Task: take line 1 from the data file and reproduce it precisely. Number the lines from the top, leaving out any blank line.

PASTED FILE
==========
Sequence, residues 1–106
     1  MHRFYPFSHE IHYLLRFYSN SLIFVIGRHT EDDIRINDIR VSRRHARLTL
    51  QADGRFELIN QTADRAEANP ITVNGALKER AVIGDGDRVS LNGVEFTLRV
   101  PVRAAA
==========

Sequence, residues 1–106